After several others also contributed their ideas, the health worker went on to explain that a sunken soft spot indicates dehydration, and the danger that results from vomiting, diarrhea, and even fever. And that while the parents run quickly to the traditional healer to identify what evil spirit has caused this and how to appease it, the evil itself is the very diarrhea that is dehydrating the child. He went on to explain the critical importance of re-hydration, especially in infants. Everyone sat in rapt attention--surprised that there would be such frank discussion on the cultural practice of seeking help from traditional healers whose main purpose is identifying evil spirits during illness. Everyone sitting there in rapt attention also heard the message about dehydration and life-saving re-hydration. They have also joined us for several weeks of devotions so far, and prayer, as always followed the morning's discussion.

A mom, examining an image related to the lesson.
After our prayer time, I was swamped with quite a few immediate needs but couldn't help but catch out of the corner of my eye how, as everyone dispersed, one woman with a baby on her back came to the center of the circle and knelt down to be prayed for. A man, I didn't even notice just who it was at the time, saw her and came immediately to talk to her. Then he laid hands on her and prayed for her while everyone else milled busily around coordinating the day's and week's work. There was a certain sense of wholeness in that instant, but it was brief because I also was absorbed with milling around trying to tend to sick people and coordinate the health workers for the day's and week's activities.

As that day unfolded, it held its fair share of challenges. But this was one of the high points.

Sunday, April 14, 2013

Beautiful School

Last week I wrote a note at the end of each day. This week, I'll try to post one of those entries each day, just for a change.

Wednesday. April 10, 2013.

This morning I had to head back to the school. I was just there yesterday but when I left had forgotten to bring the infant formula from that health post to the main health post (it's not needed at the school health post right now). Anyway, the main post is nearly out of infant milk, and no one was going to town, so our only recourse was to fetch the formula that was at the school health post. That was how the day started. After devo's that addressed rehydration mix. After I woke at 5 a.m. and couldn't get back to sleep again even though it was so pitch dark I had to push the Indiglo button on my Timex to see what time it was when I first woke up. And btw, I hate early mornings as long as I'm able to sleep, but when my mind starts racing at 5 a.m. and I get up at that crazy time, I really do love the solitude, silence, and the soft and gradual lightening of the sky as the sun slowly rises.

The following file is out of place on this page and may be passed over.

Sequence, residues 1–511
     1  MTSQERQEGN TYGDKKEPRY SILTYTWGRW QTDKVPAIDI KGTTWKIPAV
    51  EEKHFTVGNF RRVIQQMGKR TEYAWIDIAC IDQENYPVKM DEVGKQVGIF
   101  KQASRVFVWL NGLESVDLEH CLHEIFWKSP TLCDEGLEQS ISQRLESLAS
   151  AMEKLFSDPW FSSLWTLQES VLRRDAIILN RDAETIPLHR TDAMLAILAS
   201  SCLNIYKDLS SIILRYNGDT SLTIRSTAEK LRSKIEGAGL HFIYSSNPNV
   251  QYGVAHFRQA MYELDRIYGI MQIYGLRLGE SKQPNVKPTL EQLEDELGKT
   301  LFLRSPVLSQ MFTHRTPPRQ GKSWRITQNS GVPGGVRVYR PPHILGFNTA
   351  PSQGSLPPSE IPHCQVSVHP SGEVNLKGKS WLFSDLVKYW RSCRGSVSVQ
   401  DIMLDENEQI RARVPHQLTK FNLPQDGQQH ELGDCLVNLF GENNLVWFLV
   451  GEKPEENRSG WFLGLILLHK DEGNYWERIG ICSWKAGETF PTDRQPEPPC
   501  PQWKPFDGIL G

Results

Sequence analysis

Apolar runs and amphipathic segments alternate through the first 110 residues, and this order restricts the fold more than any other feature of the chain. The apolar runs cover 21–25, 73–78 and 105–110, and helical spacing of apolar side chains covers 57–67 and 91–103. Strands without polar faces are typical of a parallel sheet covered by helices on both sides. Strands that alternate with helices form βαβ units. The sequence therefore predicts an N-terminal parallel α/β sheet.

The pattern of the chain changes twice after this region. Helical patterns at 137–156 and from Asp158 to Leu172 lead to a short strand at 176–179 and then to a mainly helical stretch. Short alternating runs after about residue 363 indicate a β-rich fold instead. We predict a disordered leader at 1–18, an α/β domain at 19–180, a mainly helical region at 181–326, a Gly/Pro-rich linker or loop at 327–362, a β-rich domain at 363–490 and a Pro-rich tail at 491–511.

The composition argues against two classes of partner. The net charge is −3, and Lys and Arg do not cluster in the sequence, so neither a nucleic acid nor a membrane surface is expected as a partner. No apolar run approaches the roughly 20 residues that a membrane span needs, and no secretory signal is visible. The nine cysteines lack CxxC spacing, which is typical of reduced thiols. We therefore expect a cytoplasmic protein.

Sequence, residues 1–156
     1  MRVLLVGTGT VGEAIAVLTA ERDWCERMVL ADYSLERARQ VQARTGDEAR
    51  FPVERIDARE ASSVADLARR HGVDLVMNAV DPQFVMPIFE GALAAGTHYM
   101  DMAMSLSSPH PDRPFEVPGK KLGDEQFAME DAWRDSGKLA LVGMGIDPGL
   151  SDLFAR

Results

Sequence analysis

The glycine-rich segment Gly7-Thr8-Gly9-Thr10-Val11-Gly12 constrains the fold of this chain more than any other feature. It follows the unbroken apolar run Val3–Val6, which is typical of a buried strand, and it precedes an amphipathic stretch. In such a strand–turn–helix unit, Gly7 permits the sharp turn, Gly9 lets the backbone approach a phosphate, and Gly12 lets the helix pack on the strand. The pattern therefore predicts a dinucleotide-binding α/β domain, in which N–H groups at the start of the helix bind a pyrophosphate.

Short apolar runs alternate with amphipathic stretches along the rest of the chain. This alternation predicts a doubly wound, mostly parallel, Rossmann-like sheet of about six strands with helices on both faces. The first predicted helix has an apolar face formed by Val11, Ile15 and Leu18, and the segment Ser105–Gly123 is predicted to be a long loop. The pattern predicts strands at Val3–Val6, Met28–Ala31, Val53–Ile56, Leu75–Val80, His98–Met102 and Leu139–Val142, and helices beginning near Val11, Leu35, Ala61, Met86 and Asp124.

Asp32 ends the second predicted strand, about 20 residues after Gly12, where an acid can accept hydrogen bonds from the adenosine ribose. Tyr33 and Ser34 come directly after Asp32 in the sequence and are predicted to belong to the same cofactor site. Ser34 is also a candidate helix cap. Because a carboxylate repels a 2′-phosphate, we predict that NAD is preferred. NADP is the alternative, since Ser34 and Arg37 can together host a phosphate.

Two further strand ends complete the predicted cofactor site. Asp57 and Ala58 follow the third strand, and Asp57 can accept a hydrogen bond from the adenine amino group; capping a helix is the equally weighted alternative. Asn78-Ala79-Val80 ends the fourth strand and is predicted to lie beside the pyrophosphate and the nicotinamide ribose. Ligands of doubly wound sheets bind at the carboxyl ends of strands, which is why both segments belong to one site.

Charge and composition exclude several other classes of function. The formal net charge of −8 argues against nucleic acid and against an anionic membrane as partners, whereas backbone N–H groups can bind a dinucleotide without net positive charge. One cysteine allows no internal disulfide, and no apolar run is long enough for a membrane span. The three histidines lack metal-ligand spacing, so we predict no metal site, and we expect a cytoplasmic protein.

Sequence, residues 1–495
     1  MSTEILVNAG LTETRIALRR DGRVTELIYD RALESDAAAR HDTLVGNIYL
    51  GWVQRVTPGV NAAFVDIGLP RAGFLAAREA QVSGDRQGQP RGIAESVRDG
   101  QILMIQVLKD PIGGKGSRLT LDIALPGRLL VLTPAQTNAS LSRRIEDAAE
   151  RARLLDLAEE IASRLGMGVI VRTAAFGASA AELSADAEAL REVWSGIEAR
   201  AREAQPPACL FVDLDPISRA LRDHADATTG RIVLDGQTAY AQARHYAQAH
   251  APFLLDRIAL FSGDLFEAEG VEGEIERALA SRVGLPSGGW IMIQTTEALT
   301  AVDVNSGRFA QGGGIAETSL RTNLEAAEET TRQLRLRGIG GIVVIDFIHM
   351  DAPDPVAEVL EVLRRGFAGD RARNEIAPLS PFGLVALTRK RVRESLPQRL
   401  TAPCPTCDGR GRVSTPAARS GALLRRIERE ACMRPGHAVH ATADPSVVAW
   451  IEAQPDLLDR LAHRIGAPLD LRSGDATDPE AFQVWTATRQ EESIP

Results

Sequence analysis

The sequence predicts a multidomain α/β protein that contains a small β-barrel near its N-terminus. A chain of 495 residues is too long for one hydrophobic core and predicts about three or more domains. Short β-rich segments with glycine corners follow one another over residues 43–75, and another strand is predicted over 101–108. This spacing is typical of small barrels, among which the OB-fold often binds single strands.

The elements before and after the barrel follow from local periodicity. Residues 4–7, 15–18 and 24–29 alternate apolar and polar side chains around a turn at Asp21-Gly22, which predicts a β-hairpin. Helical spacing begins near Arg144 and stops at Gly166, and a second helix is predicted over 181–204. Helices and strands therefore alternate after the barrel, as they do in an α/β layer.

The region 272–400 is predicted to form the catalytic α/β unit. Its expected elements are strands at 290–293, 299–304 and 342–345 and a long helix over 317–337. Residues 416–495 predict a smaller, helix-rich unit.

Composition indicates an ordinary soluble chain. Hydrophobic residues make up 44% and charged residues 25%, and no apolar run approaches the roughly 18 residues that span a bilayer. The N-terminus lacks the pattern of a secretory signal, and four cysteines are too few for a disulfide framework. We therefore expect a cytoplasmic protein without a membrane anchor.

Anyway, back to having to drive for over an hour in order to obtain enough cans of baby milk to see us through another day or so. When I mentioned that I needed to go to the school, Dwight mentioned that maybe he and Tome needed to come along to do some work on the badly deteriorated road and whatnot. Then he disappeared and I had to get antimalarials for Simon to take to Sede health post, had to get laundry going (no power this morning cause something happened to our generator last night) and organize a few other things first-off. When I was ready to head out, Dwight was goodness knows where so I had to head out to find him to see if he and Tome were in fact coming along or if I could carry on by myself. It took a bit of hunting until I found him looking for someone else who wasn't at their house (so he could make progress on the power-outage thing). Anyway, long story short, he and Tome had their hands full with electricity woes so I was to go on my own. So off I went.

The school is always a busy place. As I approach on the BAD road by vehicle, kids always run out to greet me, waving with great enthusiasm. I pull in at the health post and as I climb out of the vehicle am instantly swarmed by my preschool, Grade 1 and 2 fans who are on free-time. They jabber to me in dialect, grab any hand/finger available that is not busy carting my bag/camera/glasses/pen/keys. Whatever it is I'm carrying, they want to relieve me of which is always very sweet and humbling to me. So in short order, my camera and miscellaneous bag are whisked ahead of me. My pen, glasses and keys I hold tight.